Definition of exponent in English:

exponent

Syllabification: ex·po·nent
Pronunciation: /ikˈspōnənt
 
, ˈekspōnənt
 
/

noun

1A person who believes in and promotes the truth or benefits of an idea or theory: an early exponent of the teachings of Thomas Aquinas
More example sentences
  • Readers of this column will be aware, I am sure, that I have been a big exponent of the idea of a winter break in the past.
  • The recently deceased Lord was the main exponent of the idea that aid did not work.
  • Verdi is an exponent of the same ideas, the same sense of statecraft.
1.1A person who has and demonstrates a particular skill, especially to a high standard: he’s the world’s leading exponent of country rock guitar
More example sentences
  • Wooden clubs meet and bamboo poles clatter as with split second accuracy, the exponents display their skill in the centuries old martial art form.
  • He has spent the last ten years performing in Europe, after leaving his native America where he had become one of the leading exponents of the Mississippi Delta Blues style of playing.
  • In other countries Klimt was hailed as a successful and important artist and one of the leading Austrian exponents of Jugendstil.
2 Mathematics A quantity representing the power to which a given number or expression is to be raised, usually expressed as a raised symbol beside the number or expression (e.g., 3 in 23 = 2 × 2 × 2).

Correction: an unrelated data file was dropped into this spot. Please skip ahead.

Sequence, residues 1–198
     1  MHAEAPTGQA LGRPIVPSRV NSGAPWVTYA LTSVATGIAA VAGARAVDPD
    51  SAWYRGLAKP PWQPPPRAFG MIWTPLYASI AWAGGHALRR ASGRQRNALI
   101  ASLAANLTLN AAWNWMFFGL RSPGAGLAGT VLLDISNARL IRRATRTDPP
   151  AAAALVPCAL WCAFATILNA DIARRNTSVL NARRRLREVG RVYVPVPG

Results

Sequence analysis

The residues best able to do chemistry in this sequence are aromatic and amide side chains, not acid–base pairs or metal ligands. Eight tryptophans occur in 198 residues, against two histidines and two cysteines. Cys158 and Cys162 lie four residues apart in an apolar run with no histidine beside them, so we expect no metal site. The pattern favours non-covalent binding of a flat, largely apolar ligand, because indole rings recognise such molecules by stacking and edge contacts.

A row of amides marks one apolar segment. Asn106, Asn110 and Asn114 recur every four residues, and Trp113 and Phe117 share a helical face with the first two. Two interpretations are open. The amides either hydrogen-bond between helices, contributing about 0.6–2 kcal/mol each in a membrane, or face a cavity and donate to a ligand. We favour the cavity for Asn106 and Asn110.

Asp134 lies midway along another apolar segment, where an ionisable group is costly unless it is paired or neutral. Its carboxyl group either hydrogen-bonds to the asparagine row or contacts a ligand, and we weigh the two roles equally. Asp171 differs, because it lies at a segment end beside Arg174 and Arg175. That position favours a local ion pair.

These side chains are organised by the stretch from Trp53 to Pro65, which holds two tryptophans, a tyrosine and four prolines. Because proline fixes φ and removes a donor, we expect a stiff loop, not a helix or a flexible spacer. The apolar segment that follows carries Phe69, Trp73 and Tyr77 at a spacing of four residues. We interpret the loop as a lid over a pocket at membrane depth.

More example sentences
  • He was one of the first to use exponents to represent powers and he used mathematics as a model for the natural sciences.
  • Such power laws with exponents close to 2 have been shown for several biopolymers, where the polymer concentration corresponds to that of gel preparation.
  • Although we now think of logarithms as the exponents to which one must raise the base to get the required number, this is a modern way of thinking.
3 Linguistics A linguistic unit that realizes another, more abstract unit.
More example sentences
  • One approach to these complex verb forms might be to analyse exponents of progressive and perfective aspect (be and have) as modifiers of the bare verb.

Origin

late 16th century (as an adjective in the sense 'expounding'): from Latin exponent- 'putting out', from the verb exponere (see expound).

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